Bruce Hulin:"At any rate according to Charlie Black, the camp was indeed called "Holloway".   
               (From Charlie Black, who was a War Correspondent at the time)

Ed Thomas:
"Yes, Holloway is where we were until Enari was built and yes, it was where the airport is now because we used that airport (actually they have moved the new airport just up a mile from the old Holloway.  We were there last year.)  Enari had another airport and it has since been closed as they have tried to wipe out anything that we had then (but we found some old PCP planking from the Enari strip and had no trouble seeing where it used to be, so it hasn't quite disappeared yet.)  And yes, they were on opposite sides of town." 

"And yes, now that the name comes up, I certainly do also remember being at Camp Holloway, but I just can't remember when... and the relationship to Enari. I also remember a place called "Artillery Hill"... where was that? Also, I believe the troop show stage shown in some of my Gallery pics was at Enari.  Which reminds me... we used to sit on old helicopter blades as "theater seats" at Montezuma when we had a lull in the shooting and they decided to have a "movie night"... but it was right next to Graves Registration and I had always wondered why they located it there. Odd memories and it was strange to watch a feature-length movie in that environment. Don't think I ever saw one there more than twice and even then, never all the way through.  RE: going back and walking the ground at Pleiku/Enari... I would certainly be curious to see photos/video of how things look now. Despite many bad memories of back there, I also have some good ones.  RE: the airstrip at Pleiku... I spent MANY long hours there flying in and outĖusually on C-130s, Caribous or C-128s (again see my pics in the Gallery section). This place was a lonnnng, bone-jarring ride from our rear area and as you pulled up, the hootch that served as a "terminal and waiting room" was to the left... aircraft (everything from Phantom jets, Skyraiders, C-130s, Caribou, C-128s, Hueys, DC-3 "Puff", and Chinooks would be parked there. Behind you as you faced the airstrip were the Air Force living and operations quarters. THis much I remember vividly.

Lee Dixon:
"The base camp that I recall was Camp Enari... which was rather quite large and then there were a number of units clustered together. Barracks were mostly wood on rough concrete by that time but there were lots of tents, too and I was in one for a bit. Really messy in the rain and mud!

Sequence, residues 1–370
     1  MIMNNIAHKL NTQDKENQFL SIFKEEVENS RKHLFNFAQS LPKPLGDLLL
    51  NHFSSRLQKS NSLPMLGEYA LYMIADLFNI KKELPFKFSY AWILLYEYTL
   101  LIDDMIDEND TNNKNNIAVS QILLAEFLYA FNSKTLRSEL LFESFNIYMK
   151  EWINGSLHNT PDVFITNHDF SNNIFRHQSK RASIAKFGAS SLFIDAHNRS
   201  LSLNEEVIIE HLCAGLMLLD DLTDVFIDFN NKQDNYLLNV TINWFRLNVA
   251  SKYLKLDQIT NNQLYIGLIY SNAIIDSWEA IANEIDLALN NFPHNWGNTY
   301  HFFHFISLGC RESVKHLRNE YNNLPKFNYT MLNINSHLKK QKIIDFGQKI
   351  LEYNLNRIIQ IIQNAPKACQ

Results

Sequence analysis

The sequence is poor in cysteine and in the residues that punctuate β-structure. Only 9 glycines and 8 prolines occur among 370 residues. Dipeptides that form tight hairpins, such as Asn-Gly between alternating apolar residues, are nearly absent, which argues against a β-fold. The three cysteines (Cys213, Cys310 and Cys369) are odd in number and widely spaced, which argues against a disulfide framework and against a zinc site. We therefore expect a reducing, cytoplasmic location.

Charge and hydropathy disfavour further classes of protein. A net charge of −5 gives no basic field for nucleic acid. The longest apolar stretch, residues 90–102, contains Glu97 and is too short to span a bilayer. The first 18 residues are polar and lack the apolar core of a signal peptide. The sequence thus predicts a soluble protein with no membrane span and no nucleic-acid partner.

The old airport 
at that time was quite a truck ride (or bus ride if you were lucky)  away from where we were and had Air Force guys there. They had very nice barracks, incredibly cushy compared to what we had.  I flew out of there all the time.   

I was a member at the NCO Club at Enari and I used to go to the same PX as in Lt. Springer's photos. When I first got to Enari in 1967, it was a terribly muddy place with reddish mud and reddish dust everywhere.  The 3rd Brigade 25th and 2/9th's rear area was here and I remember the first guy I met smoked a lot of cigarettes. He had a Jersey accent and listened to a lot of sha-boom music on a dusty old audio unit in a wooden office covered in red dust.  4th Division presence was huge here.  

I honestly don't recall anything about the base moving and frankly toward the end I think I spent about a month right back where I started before shipping out ETS. I was all the way down to running switchboards by then because we had no radio teletype equipment or crypto in our immediate area. We always referred to this as the "rear area".                      

 

Joe Hannigan: I got there in January 1968 and base camp was LZ Baldy because we were OPCON to the Marines at the time.  When we left Baldy, I went to A/2/35 so I didn't have contact after that. I'm sure it moved because the 2/35 base camp moved and while I was in the TOC, Maj Gen (then LTC) Moore was always where the TOC was.  The Arty had a different set because it supported a lot of units but it
was probably on one of the forward fire bases. I remember that Brigade Arty was in Duc Lap in late 1968 while the 2/35 was there, it may have been November or December or both.  I'm pretty sure my info is correct but I hope someone else remembers also.                    

Dave Whaley: How about Brigade Hill?  That's what I remember.
                    

Webmaster Dennis Dauphin - My Recall:
I have a postcard home which confirms that I arrived in Cam Rahn Bay, Tan Son Nhut AFB in mid-November, 1966.  I have pictures posted in my Photo Gallery of Camp Alpha, where I processed in-country.  After a week of not knowing a damned thing about where I would wind up, I got word to "move out".  At 0430, I was directed to fly out to